|Save the Date for Winter 2013's Adopt-A-Hydrant Program|
In January 2012, Mayor Thomas M. Menino launched the 2012 Adopt-A-Hydrant program,
first-of-its-kind effort, designed to tap into community spirit.
The Mayor's Office of New Urban Mechanics is responsible for preparing
this digital application for its use in the 2013 winter season.
Be alert to the next announcement expected some time in January.
Take the time now to explore how it works and get ready to sign up.
What was once the baileywick of our four-footed friends (dogs) is now open to Boston's best two-footed friends (humans).
Adopt-A-Hydrant provides a website (boston.adoptahydrant.org) where
residents can volunteer to take on the wintry task of shoveling out hydrants in their
neighborhoods - the ones they have officially adopted.
While the Boston Fire Department will continue to lead the effort to
shovel out the City’s more than 13,000 hydrants, it is important to
consider how critical the fire hydrants are in the overall safety of
the city. In 2011, the Boston Fire Department responded to 5,653
fires,so the SAFER approach is to guarantee rapid access to all fire
hydrants at all times, not waiting for the Fire Department to arrive on
the scene of a fire only to find the hydrant buried in snow.
Dudley Street at Columbia Rd
Stoughton at Burying Ground
Fire hydrants are shown from the January 14, 2011
snowstorm. On the left, the hydrant is on Dudley Street at Foot Locker -
this hydrant remained snowbound for days. On the right, hydrant
is on Stoughton Street and was cleared as part of shoveling the sidewalk
adjacent to the Dorchester North Burying Ground.
Improving Neighborhood Safety
According to Boston Fire Commissioner Rod Fraser, "Our firefighters will always be the City’s first and last line
of defense. However, Adopt-A-Hydrant provides an easy way for residents
interested in lending a hand to improve neighborhood safety." He added: “As the nation’s first fire
department, we are always looking for innovative ways to improve fire
prevention and response.”
Mayor Menino sees Adopt-A-Hydrant as a way "for our residents to show
the great sense of volunteerism that shines
in Boston all year, and it’s a great example of how we can use
technology to build community and keep neighborhoods safe.”
Volunteers of all kinds are needed in all seasons. "Coaching
little league or helping to maintain a park,
or signing up for Adopt-A-Hydrant - volunteers provide the foundation
for strong neighborhoods in Boston."
The City's Director of Emergency Management, Don McGough, is
enthusiastic about the program. “Informed and engaged residents are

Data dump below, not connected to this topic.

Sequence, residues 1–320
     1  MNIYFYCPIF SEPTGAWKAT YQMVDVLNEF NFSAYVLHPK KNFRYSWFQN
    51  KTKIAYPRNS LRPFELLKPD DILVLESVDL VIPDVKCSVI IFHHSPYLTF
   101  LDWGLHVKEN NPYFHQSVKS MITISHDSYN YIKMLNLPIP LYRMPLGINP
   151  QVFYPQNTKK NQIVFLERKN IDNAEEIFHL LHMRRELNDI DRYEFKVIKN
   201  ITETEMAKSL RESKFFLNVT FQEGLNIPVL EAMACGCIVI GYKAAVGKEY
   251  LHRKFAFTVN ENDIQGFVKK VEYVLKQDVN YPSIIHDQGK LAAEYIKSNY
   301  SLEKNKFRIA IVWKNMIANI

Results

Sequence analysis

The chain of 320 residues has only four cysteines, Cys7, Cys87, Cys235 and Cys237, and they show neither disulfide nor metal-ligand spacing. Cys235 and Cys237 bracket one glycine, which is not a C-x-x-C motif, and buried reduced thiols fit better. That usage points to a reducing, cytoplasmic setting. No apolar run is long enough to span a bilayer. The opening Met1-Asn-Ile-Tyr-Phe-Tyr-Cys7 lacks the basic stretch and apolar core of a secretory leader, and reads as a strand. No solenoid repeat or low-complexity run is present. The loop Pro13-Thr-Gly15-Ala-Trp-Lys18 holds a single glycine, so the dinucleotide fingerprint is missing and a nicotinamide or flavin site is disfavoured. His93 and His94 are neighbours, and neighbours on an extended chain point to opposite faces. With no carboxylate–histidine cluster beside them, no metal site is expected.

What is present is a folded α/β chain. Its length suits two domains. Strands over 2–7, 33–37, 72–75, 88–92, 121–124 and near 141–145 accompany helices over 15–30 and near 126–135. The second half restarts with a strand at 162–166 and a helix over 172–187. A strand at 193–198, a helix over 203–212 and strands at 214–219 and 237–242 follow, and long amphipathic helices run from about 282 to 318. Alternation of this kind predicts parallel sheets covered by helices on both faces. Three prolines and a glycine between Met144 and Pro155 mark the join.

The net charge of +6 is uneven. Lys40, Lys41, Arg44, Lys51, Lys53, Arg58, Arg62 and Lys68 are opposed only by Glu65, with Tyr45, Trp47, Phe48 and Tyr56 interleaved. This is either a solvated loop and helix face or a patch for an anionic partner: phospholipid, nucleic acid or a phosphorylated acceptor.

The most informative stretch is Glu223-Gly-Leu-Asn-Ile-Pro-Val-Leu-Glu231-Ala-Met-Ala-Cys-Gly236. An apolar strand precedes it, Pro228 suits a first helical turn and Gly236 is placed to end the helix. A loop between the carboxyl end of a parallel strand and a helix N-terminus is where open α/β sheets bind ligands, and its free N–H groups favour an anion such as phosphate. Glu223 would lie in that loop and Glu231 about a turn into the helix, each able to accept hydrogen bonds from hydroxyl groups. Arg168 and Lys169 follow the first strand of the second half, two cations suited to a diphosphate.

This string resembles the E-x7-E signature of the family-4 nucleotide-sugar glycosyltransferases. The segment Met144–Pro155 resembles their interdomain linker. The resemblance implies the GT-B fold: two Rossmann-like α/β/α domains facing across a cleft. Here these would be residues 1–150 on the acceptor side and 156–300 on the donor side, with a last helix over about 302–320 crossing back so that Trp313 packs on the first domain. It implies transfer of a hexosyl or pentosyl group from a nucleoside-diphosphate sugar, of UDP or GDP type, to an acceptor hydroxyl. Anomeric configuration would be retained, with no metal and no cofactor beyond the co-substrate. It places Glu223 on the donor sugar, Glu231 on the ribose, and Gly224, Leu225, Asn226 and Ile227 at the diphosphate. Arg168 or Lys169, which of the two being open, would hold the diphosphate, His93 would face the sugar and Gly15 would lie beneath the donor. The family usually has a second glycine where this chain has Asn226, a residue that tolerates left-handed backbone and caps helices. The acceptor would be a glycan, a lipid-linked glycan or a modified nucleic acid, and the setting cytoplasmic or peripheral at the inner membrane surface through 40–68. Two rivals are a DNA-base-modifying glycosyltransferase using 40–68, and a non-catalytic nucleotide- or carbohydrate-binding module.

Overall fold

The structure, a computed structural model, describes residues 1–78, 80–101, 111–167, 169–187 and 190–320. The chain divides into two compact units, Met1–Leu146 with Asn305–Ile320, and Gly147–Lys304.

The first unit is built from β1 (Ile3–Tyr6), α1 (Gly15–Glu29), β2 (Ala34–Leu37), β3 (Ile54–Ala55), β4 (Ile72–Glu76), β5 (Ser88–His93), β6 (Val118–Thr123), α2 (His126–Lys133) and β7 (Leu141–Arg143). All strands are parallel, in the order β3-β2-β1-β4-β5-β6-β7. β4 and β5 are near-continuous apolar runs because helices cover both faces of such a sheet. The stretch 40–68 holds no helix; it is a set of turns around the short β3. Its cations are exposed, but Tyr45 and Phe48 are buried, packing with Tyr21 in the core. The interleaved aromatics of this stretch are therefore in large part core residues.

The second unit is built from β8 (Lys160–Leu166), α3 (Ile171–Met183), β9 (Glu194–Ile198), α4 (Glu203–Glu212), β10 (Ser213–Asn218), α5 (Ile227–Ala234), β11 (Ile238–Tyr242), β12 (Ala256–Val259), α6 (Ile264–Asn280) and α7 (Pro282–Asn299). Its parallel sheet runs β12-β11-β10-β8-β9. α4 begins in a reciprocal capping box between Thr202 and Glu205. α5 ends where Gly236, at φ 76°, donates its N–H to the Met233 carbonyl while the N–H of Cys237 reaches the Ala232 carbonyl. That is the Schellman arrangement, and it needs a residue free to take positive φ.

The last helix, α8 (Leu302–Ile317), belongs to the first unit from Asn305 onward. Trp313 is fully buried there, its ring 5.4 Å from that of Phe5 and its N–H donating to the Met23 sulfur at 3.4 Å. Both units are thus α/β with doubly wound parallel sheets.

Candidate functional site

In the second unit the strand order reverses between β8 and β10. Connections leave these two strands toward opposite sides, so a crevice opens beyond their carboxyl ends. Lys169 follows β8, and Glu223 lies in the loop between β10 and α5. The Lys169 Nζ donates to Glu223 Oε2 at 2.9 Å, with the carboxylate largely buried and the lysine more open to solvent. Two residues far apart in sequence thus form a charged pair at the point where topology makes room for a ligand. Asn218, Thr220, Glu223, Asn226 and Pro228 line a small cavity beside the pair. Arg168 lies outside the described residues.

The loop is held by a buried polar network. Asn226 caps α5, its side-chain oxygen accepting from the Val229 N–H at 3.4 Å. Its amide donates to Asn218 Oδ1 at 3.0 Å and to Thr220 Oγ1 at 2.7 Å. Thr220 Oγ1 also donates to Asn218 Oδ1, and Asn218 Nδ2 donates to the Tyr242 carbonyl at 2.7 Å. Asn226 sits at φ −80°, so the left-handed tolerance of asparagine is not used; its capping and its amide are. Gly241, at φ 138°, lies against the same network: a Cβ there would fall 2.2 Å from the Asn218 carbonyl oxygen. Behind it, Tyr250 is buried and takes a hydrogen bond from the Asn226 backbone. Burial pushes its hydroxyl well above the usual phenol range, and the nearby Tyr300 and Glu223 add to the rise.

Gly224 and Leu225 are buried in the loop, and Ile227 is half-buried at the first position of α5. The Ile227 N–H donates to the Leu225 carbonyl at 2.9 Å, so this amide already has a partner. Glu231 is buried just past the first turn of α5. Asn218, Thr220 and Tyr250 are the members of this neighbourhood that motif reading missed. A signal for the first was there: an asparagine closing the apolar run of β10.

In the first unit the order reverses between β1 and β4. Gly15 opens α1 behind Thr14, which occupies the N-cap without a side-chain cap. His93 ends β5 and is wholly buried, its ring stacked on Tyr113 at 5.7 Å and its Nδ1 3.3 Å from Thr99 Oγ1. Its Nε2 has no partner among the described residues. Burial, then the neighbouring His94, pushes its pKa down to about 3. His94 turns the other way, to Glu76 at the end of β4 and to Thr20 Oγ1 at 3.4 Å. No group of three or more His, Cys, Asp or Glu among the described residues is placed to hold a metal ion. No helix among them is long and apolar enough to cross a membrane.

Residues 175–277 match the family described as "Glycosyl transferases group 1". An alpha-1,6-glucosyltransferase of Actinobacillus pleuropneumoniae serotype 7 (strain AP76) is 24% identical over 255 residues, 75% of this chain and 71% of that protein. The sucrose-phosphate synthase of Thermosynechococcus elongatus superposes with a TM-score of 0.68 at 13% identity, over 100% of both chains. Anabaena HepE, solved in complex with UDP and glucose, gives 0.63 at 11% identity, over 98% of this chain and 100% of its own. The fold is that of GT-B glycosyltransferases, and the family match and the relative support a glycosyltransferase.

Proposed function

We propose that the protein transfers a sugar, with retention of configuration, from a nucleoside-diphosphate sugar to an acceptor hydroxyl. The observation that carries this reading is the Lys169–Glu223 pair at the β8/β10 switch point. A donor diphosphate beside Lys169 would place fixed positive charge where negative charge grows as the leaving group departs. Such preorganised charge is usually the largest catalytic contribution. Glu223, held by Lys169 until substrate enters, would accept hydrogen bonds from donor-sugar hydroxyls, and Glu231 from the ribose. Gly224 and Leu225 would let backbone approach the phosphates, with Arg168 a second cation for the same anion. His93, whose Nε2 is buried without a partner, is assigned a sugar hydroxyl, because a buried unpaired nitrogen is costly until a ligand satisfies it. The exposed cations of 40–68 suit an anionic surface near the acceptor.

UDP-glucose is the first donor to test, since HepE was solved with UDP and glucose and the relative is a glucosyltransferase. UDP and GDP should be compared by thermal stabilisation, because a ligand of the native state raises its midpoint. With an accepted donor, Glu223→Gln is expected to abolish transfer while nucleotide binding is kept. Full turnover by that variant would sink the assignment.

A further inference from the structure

key to the City’s ability to respond to any emergency – big or small.
Adopt-A-Hydrant offers a new format for engaging residents in the wake
of some of our toughest storms.”
How the Adopt-A-Hydrant Works
Go to the website boston.adoptahydrant.org
and sign in. Enter an address close to where you want to "adopt"
a hydrant. Yellow anchors will appear on the map where all
hydrants in that geographic vicinity are located. Choose the
hydrant(s) you would like to volunteer to shovel out from the selected
You will have the opportunity to name your adopted hydrants.
Furthermore, during winter snowstorms the City will remind you about
the hydrants as well as appropriate snow shoveling protocols.
Under the Mayor's Office of New Urban Mechanics
The Adopt-A-Hydrant application was developed by Erik Michaels-Ober, a
Code for America fellow, who served with the City of Boston in
2011. The City is piloting the application this year. If
successful, the City will explore how this application could be used to
encourage adoption of other streetscape features, such as catch basins
or trees. The app also is available for other places to use and,
to-date, three cities – Chicago, Honolulu, and Buenos Aires – already
have all expressed an interest in adapting it for use by their
“We were pleased to be one of the first cities to partner with Code for
America and excited about the possibility of Adopt-A-Hydrant,” said
Bill Oates, Boston’s Chief Information Officer. “The innovative
applications that came from this partnership are allowing us to provide
new services to Boston residents and share new software and ideas with
Adopt A Hydrant is a project of the Mayor’s Office of New Urban Mechanics and the Boston Fire Department.
Mayor Menino’s Office of New Urban Mechanics focuses on piloting
transformative City services that spark civic engagement and leverage
Mayor's Office of New Urban Mechanics